Quantifying Nanoparticle Associated Ti, Ce, Au, and Pd Occurrence in 35 U.S. Surface Waters

Logan N. Rand, Kenneth Flores, Naushita Sharma, Jorge Gardea-Torresdey, Paul Westerhoff

Research output: Contribution to journalArticlepeer-review

7 Scopus citations


Mass flux models have predicted environmental concentrations of released engineered nanoparticles (ENPs), but their validation with field studies at high geographic scale has been limited. Additionally, baseline levels of natural and incidental nanoparticle (NP) occurrence are not well-established. This study begins to address these knowledge gaps by investigating the Au, Ce, Ti, and Pd NP content of 241 water samples from 35 drinking water sources across the U.S. over 6-9 months using single particle inductively coupled plasma-mass spectrometry. Ce and Ti NPs were commonly detected, with Ce concentrations (0.3-230 μg L-1) exceeding both ENP predictions and reports of natural abundance. The Ti NP concentrations (3-2400 μg L-1) were greater than modeled ENP release and similar to the expected natural abundance. Although Au and Pd NPs were rarely detected, they were present at parts per billion levels in some samples. The NP concentrations and sizes did not differ between geographic regions but were highly variable at individual sites over time, suggesting that local changes to release rates and precipitation may cause temporary hot spots. The regional NP concentrations and sizes provided here will be useful to inform continued ENP release and risk assessment studies.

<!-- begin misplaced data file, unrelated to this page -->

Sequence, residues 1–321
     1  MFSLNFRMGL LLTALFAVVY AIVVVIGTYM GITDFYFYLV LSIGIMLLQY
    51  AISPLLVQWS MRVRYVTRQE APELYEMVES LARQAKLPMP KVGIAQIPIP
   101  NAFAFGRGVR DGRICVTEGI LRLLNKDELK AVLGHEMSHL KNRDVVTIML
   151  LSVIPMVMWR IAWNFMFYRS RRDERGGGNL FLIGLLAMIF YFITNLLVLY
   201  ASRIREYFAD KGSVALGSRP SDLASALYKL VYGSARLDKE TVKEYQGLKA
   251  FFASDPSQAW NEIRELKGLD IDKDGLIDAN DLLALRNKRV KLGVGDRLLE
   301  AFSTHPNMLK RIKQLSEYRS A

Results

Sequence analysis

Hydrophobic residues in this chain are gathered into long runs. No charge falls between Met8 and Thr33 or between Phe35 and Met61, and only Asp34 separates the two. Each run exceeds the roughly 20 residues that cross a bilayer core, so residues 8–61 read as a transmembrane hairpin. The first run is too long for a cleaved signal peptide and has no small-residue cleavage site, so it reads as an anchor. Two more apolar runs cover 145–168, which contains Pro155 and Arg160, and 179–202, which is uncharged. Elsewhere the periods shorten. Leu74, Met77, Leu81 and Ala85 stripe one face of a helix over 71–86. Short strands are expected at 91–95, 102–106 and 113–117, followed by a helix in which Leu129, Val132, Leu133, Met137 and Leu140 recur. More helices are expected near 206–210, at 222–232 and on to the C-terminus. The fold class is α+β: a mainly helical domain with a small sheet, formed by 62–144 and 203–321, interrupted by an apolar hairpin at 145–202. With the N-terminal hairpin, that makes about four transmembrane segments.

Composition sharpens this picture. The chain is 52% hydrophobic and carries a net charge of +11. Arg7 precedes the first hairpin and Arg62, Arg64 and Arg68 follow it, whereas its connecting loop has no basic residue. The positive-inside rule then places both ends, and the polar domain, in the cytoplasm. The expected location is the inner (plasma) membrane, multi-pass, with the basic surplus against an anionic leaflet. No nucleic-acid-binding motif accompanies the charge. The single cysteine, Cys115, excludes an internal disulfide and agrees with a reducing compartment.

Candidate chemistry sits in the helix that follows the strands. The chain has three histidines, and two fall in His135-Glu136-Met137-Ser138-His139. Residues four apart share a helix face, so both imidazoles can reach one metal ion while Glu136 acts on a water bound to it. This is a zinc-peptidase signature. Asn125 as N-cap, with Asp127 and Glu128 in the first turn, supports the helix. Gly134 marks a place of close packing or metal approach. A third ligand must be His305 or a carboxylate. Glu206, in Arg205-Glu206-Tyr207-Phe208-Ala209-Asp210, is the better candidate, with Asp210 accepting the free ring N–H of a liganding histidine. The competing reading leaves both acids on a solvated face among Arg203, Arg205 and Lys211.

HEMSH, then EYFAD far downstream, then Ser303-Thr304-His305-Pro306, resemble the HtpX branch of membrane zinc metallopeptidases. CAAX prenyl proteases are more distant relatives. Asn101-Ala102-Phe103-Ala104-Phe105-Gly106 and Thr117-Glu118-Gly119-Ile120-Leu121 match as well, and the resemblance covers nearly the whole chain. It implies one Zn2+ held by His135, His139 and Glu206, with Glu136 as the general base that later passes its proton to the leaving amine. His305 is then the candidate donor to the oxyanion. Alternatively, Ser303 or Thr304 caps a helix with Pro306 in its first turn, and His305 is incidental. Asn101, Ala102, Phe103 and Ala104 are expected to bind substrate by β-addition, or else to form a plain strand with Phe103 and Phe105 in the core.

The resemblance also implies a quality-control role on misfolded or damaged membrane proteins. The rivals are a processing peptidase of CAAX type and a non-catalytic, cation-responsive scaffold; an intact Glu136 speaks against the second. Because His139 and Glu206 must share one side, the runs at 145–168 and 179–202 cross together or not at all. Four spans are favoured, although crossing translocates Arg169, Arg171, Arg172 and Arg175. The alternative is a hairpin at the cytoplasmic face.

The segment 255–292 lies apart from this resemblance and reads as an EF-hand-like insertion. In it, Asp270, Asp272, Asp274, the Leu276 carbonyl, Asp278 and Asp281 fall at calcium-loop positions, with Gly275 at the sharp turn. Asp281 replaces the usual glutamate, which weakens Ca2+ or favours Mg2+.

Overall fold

Original languageEnglish (US)
JournalACS ES and T Water
Issue number10
StatePublished - Oct 8 2021


  • engineered
  • incidental
  • nanomaterials
  • natural
  • regional concentrations
  • release
  • single particle ICP-MS

ASJC Scopus subject areas

  • Chemical Engineering (miscellaneous)
  • Chemistry (miscellaneous)
  • Environmental Chemistry
  • Water Science and Technology


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